We’ve seen a variety of methods to keep mosquitoes who spread diseases at bay. Despite years of efforts, we still lack a vaccine for many of the most dangerous illnesses. For many people, the best method to stay safe is to simply avoid the insects altogether.
But, that doesn’t mean scientists have stopped trying to fight the diseases. A new technique could help slow down the spread of many mosquito-borne illnesses.
Scientists are currently working on a new method that will use radiation to sterilize male mosquitoes. The technique involves the World Health Organization and the UN, and is also environmentally friendly.
The Increase of Mosquito-Borne Diseases
This new technique is a part of a new effort to control mosquito-borne diseases, specifically chikungunya, dengue and Zika.
Mosquito-borne diseases now account for 17% of all infectious diseases around the world. As the cases of these diseases rise, so do deaths with around 700,000 people each year dying from mosquito-borne illnesses. With just dengue alone, the WHO expects to see 4 million cases in 2019.
Due to these drastic numbers, the need for extreme measures to prevent such diseases is clear.
What is this New Technique?
This technique known as the Sterile Insect Technique (SIT) is essentially birth control for mosquitoes.
For 10 years, researchers have been adapting it to use on the mosquito population. SIT is hoped to help decline the mosquito population and lessen the presence of diseases that they spread.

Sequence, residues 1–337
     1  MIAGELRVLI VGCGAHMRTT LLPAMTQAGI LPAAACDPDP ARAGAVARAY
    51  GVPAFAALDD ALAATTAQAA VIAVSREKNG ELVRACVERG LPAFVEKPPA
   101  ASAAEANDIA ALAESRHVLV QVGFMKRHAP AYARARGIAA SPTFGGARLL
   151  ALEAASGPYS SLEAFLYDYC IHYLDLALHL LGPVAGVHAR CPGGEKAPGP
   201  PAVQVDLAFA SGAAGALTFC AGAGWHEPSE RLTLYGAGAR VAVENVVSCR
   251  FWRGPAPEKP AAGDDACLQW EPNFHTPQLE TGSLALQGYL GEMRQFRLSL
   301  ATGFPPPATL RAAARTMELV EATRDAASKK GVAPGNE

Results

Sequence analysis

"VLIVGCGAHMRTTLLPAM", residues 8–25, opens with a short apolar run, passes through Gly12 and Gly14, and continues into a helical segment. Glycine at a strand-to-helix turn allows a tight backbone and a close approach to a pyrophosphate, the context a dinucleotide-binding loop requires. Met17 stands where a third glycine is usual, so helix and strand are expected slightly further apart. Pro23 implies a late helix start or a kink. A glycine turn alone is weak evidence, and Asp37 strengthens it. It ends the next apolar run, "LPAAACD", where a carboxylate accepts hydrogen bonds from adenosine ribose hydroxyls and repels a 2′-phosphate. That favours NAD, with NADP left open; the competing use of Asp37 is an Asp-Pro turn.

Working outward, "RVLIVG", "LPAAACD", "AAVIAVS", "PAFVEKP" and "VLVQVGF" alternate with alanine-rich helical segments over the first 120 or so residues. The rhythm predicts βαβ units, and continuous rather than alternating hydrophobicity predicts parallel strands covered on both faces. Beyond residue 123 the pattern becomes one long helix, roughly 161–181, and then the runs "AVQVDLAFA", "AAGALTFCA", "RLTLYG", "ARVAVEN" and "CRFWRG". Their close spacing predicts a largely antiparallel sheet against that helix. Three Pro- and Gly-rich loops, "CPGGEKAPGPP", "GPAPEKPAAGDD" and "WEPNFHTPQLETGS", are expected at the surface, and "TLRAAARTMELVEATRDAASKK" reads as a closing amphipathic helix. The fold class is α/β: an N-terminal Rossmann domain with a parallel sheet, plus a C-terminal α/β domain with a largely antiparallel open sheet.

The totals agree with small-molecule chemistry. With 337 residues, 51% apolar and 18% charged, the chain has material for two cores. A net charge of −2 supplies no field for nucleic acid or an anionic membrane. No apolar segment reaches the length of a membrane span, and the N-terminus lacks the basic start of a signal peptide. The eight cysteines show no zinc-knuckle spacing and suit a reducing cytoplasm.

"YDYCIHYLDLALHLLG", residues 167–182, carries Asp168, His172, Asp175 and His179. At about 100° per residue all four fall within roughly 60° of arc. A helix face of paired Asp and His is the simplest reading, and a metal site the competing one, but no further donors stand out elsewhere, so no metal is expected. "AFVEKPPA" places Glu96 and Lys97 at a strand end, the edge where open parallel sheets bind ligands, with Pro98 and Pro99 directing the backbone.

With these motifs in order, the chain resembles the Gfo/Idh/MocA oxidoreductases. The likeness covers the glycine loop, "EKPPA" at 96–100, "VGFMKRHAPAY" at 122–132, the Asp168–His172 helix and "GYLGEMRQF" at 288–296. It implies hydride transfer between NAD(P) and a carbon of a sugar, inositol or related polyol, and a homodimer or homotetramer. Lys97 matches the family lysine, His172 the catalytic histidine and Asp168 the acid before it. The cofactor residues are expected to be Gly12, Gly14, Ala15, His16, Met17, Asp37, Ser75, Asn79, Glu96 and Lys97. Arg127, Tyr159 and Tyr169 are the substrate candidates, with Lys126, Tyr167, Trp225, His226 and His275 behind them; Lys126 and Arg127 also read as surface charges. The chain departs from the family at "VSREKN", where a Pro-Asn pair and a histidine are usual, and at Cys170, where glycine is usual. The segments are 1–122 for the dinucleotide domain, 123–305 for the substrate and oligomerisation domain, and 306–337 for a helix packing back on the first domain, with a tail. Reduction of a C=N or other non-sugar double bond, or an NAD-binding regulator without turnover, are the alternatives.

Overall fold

SIT was originally developed by the U.S. Department of Agriculture and has already been used for some insects. For 60 years, the department successfully used SIT to address a problem with fruit flies and screwworm flies that were attacking crops.
Since its start, this technique has been used on six continents on a variety of insects.
SIT is seen as a promising technology to use to combat these illnesses, especially in regards to environmental safety. In fact, it’s regarded as possibly the most environmentally-friendly pest control methods ever used.
Currently, many areas who hope to prevent the spread of mosquito-borne illnesses use insecticides. While effective, they do have detrimental effects on the environment. On top of environmental dangers, mosquitoes have also built up an immunity to these insecticides. Over time, the method has become less and less effective against the insects.
Do you have any questions about mosquito-borne diseases? Traveling to an area that’s home to one of those viruses? Passport Health can help. Give us a call at , or book an appointment online and speak to a travel health nurse.
Written for Passport Health by Kaitlyn Luckow. Kaitlyn is a freelance writer, photographer and English teacher in Milwaukee. She has a passion for capturing and writing other people’s stories. You can find her at sayhellostory.com.